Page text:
Jim
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Old September 20, 2013, 06:48 PM   #17
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Mine has the school mark but it appears to have been added after it had served some time. And it does not have the extra 0's on the serial number that the school models typically get. So it seems it was issued and then later given to a school. At any rate, I have decided to force match the bolt and keep it as a shooter. Now to find another t38 to sporterize
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Old September 21, 2013, 12:21 AM   #18
tahunua001
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Quote:
And how is the 6.5 on bear
decent enough at 100 yards for an Idaho black bear.

I was using handloads and 140gr nosler accubonds. out of the carbine the best I could do was 2200 FPS muzzle velocity and by 100 yards they are barely going 2000 FPS but it was still enough to make a clean kill. I wouldn't recommend the accubond due to it's horrible performance but I would recommend the cartridge with a nosler partition or speer deep curl bullet. nosler recommends a minimum of 1800 FPS to reliably expand but at 2000 the bullet split in half and both halves took off in 90 degree angles from impact. I lucked out and one half hit the heart and the other half took the liver but it could have easily missed any vitals and been a superficial wound.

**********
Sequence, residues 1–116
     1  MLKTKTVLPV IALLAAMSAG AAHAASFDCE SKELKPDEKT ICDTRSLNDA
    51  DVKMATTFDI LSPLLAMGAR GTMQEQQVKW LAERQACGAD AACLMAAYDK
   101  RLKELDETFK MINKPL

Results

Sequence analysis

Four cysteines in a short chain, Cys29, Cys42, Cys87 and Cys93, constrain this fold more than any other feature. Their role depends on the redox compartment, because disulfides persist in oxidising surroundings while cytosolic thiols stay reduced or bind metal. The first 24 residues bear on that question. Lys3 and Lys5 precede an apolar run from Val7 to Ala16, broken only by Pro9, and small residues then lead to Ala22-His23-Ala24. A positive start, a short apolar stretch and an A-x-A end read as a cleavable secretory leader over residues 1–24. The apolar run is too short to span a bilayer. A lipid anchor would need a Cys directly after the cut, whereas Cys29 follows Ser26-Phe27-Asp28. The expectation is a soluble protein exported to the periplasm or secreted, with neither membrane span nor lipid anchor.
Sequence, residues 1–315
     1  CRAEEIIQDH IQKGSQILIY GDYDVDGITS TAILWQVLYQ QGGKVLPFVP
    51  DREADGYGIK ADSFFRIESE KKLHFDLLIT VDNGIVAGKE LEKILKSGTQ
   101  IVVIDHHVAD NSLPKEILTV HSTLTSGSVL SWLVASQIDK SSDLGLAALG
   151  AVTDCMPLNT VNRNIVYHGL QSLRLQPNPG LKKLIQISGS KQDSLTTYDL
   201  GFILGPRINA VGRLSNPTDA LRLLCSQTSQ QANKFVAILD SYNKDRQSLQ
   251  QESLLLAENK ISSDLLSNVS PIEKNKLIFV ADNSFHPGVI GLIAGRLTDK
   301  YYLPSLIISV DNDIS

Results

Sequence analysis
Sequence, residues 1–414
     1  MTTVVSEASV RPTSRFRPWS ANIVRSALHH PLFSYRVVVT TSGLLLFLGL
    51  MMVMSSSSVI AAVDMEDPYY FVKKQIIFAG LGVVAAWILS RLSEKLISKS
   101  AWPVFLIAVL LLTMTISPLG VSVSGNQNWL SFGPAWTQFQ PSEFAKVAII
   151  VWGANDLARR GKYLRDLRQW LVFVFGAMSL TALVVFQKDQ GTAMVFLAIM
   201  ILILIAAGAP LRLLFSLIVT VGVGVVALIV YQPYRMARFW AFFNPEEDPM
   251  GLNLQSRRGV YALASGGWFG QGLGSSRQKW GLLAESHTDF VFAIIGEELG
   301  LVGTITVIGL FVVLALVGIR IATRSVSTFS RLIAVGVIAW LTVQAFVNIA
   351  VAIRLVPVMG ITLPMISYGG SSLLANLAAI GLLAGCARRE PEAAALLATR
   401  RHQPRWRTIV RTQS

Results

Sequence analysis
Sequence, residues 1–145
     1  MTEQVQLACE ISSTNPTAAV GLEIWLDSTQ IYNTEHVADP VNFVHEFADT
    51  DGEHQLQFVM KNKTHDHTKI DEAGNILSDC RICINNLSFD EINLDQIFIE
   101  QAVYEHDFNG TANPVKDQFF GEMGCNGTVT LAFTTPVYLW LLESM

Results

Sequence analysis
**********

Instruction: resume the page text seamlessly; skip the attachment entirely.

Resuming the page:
the long rifles apparently get a good 400 FPS more velocity than the carbines so they would be better suited to hunting past 100 yards.
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Last edited by tahunua001; September 21, 2013 at 12:57 AM.
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Old September 21, 2013, 08:15 AM   #19
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Well I guess they work pretty good. Lol. Accubonds are great, but I have been on a woodliegh (spelling?) Kick. Both of my 38's love them and performance is amazing. The 7.7's don't do to shabby with thin either. Ill have to get some Accubonds and try em out. Once again guys. Thank you for all of your help.
By the way, im bad with technology, how do I post pics. Gonna try to get some pics of it up tonight or tomorrow
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Old September 21, 2013, 09:35 AM   #20
tahunua001
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I have a dummy account with photobucket.com that I use to host all my gun pics and get the direct link URLs. I never did figure out how to post from my personal collection.
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Old September 22, 2013, 07:40 PM   #21
scroungydog
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Ok, my phone won't get a good pic so I will have to get my wife to take some pics of it.